John Quincy Adams was born the son of John, who later became the second President of the United States, and Abigail Adams on July 11, 1767 in Braintree, Massachusetts. He was educated principally by his parents during his adolescence and later at private schools in Paris while accompanying his father on diplomatic missions in Europe. He also attended the University of Lieden while in Europe. He furthered his formal education at Harvard University on his return to the United States in 1785 graduating in 1787, then studied law under Theophilus Parsons in Newbury, Massachusetts. On completing his studies with Mr. Parsons he began to practice law in Boston in 1790.
Adams had several articles published in the Boston newspapers defending President George Washington's policies. President Washington recognized the value of Adams as an ally and appointed him minister to the Netherlands from 1794 to 1797. In 1797 Adams was appointed as minister to Berlin where he remained until 1801. While on a mission to England Adams married Louisa Catherine Johnson, the daughter of the U.S. consul at London.
After the election of Thomas Jefferson to the Presidency in 1801, President John Adams relieved his son from the Berlin ministerial position. John Quincy Adams returned to Boston and resumed his law practice. He sought a more active political role in U.S. affairs and was elected to the U.S. Senate in 1803. He also served as a professor at Harvard University from 1806 - 1809. On the election of President Madison, Adams was appointed minister to Russia where he remained from 1809 - 1814. Adams was called to peace negotiations during the war of 1812 and was subsequently assigned to serve as U.S. minister to England. He was recalled to the U.S. by President James Madison to become Secretary of State.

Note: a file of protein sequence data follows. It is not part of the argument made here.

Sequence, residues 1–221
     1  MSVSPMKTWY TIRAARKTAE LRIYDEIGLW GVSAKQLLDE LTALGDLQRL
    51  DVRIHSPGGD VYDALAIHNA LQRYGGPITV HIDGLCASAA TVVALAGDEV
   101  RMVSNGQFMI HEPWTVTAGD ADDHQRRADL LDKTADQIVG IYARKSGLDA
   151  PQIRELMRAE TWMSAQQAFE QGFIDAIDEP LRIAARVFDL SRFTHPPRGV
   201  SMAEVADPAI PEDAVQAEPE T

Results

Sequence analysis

Adams went on to run for the Presidency in 1824 and won the election as a result of the last minute support of an opposing candidate, Henry Clay. He was a minority party president with little political backing and had a rather uneventful presidency. He was soundly defeated in the election campaign of 1828.
In 1830, Adams was elected to Congress as the representative of the 12th District in Massachusetts. He was outspoken about nationalism and abolition of slavery. He attempted to introduce amendments to the Constitution in 1839 which would prevent any person born in the U.S. from being born a slave. He additionally became involved as a proponent for the Amistad Africans in writings of late 1839 forward. He eventually joined the team defending the Africans and helped win their freedom in arguments before the U.S. Supreme Court.
He remained in Congress until 1848, when he was stricken on the floor of the House of Representatives and died.